Politics & Government

Murkowski takes on tea party, GOP with write-in bid

Tea Party Demonstrators outside of the House Chamber on Capitol Hill in Washington, Saturday, March 20, 2010.(AP Photo/Harry Hamburg)
Tea Party Demonstrators outside of the House Chamber on Capitol Hill in Washington, Saturday, March 20, 2010.(AP Photo/Harry Hamburg) Associated Press

Pushing back against the nationwide success of the tea party movement, Alaska Sen. Lisa Murkowski announced Friday that she'd pursue an unprecedented write-in bid to hold on to her Senate seat after losing the August Republican primary.

The decision is a historic gamble for Murkowski. With her name not on the ballot and without the support of the Republican establishment, which now backs attorney Joe Miller, the odds aren't in her favor. No one has been elected to the U.S. Senate as a write-in candidate since Strom Thurmond in 1954.

"Today, my friends, my campaign for Alaska's future begins," Murkowski said, joined by several hundred supporters in Anchorage waving red-and-blue "Lisa for Senate" signs and chanting "Run, Lisa, Run!" "We're in this together."

Murkowski has $1 million left in campaign funds, but she's likely to face another round of potent opposition from the tea party movement, which plowed an estimated $600,000 into Miller's primary campaign.

Murkowski is "going to get clobbered," said Sal Russo, the California political consultant behind the Tea Party Express, adding that the group is prepared to return to Alaska.

Murkowski, who's been in the Senate since 2002, was a rising star in the Senate GOP leadership until Miller beat her in the August primary by a margin of fewer than 2,000 votes. Murkowski, in conceding the race, initially said she planned to move home to Alaska.

However, she subsequently said that many Alaskans were urging her to remain in the race and that the Republican primary was "hijacked" by the tea party.

Little known candidates embraced by the tea party movement have toppled establishment favorites in several Republican races this year, including this week's upset defeat in Delaware's Senate primary of moderate Rep. Michael Castle by conservative commentator Christine O'Donnell. O'Donnell and Miller both had the backing of former Alaska Gov. Sarah Palin, who along with South Carolina Sen. Jim DeMint, have helped propel insurgent conservatives to victory nationwide.

Palin, speaking to reporters at a Republican dinner in Iowa, called Murkowski's plan "a futile effort on her part."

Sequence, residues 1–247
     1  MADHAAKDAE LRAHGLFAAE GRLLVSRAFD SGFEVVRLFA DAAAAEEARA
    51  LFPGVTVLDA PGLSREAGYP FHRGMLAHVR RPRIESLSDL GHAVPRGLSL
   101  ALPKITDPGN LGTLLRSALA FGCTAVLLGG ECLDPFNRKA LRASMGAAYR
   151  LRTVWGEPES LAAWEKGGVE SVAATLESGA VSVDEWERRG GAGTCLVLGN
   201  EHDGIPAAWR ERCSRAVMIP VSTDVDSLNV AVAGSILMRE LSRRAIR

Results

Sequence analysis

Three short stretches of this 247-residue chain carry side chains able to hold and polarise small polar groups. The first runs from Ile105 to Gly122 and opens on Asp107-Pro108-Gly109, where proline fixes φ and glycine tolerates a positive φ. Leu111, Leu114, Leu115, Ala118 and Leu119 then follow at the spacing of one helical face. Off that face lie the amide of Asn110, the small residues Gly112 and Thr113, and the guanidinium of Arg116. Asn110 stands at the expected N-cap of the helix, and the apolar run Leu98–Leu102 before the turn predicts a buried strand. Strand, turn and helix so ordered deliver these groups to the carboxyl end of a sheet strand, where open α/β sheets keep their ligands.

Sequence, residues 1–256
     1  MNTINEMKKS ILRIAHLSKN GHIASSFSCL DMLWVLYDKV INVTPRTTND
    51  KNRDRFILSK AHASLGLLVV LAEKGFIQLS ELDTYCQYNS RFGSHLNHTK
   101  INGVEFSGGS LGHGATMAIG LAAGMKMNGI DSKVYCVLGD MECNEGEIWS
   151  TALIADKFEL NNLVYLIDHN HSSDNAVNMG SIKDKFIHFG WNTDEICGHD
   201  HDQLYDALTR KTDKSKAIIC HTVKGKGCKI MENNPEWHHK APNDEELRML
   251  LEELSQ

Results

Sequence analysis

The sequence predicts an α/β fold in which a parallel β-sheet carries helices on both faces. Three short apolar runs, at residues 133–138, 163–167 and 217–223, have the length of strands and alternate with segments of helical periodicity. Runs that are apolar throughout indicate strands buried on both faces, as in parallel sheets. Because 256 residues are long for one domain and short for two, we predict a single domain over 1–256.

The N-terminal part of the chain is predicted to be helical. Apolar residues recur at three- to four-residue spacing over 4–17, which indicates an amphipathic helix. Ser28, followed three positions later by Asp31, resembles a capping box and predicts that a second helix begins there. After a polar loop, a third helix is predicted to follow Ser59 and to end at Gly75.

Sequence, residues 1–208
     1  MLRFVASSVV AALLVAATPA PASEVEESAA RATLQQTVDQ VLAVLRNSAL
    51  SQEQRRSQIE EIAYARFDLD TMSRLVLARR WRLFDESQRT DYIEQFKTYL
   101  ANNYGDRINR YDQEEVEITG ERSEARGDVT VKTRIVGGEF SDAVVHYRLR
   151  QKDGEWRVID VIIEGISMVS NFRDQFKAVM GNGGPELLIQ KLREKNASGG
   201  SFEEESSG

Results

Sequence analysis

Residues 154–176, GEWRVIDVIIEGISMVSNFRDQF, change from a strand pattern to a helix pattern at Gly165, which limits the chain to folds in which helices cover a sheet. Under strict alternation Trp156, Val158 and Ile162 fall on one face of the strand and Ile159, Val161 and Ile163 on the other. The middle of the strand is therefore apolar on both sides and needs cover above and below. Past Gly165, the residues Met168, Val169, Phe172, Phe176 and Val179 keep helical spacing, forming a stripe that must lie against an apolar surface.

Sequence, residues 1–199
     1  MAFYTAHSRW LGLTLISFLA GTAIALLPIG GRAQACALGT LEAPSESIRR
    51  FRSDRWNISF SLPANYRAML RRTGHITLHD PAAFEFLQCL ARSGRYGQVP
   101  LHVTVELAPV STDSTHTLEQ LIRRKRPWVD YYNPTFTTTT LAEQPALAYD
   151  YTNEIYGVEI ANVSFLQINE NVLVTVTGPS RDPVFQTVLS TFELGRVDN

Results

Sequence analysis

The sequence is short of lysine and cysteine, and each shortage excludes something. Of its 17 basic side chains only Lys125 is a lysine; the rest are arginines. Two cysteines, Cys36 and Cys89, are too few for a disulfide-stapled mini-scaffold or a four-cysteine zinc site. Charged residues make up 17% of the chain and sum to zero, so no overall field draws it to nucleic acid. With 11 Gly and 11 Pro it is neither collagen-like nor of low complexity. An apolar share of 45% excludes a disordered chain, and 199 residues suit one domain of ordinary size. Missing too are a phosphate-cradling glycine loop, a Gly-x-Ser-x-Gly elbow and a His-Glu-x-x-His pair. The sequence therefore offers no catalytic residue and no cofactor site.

Senate Minority Leader Mitch McConnell, R-Ky. said he'd accepted Murkowski's resignation from the GOP Senate leadership. Sen. John Cornyn of Texas, the Senate GOP campaign chief, said he's "deeply disappointed" with her write-in bid, and Republican National Committee chairman Michael Steele said there's no question that the party backs Miller.

"Alaskans selected Joe Miller as the Republican nominee for U.S. Senate and he has the full support of the Republican National Committee," Steele said. "I am confident that he will win in November and will work to restore conservative, principled and fiscally responsible leadership in Washington."

The Democratic Senatorial Campaign committee, already delighted at its improved prospects in Delaware, said Murkowski's decision represents the Republican Party "cannibalizing itself."

Miller and the Democrats' candidate, Sitka Mayor Scott McAdams, enjoy a distinct advantage: Unlike Murkowski, their names will be on the ballot.

Murkowski said she knows she faces a massive undertaking to convince voters to write in her name. She acknowledged she made mistakes in her campaign, chiefly among them her failure to hit back at Miller when the Tea Party Express attacked her.

Murkowski frequently invoked former Alaska Republican Sen. Ted Stevens, who spent 40 years in the Senate and died last month in a plane crash. Taking the stage Friday evening, Murkowski said she wished Stevens could have attended the rally.

"This is Alaska, where we come together, and we embrace one another for who we are, not because we may share the same political label, but because of who we are and what we contribute to our state," she said. "This is what makes Alaska great, not our political labels."

(Cockerham reported from Anchorage and Bolstad reported from Washington.)

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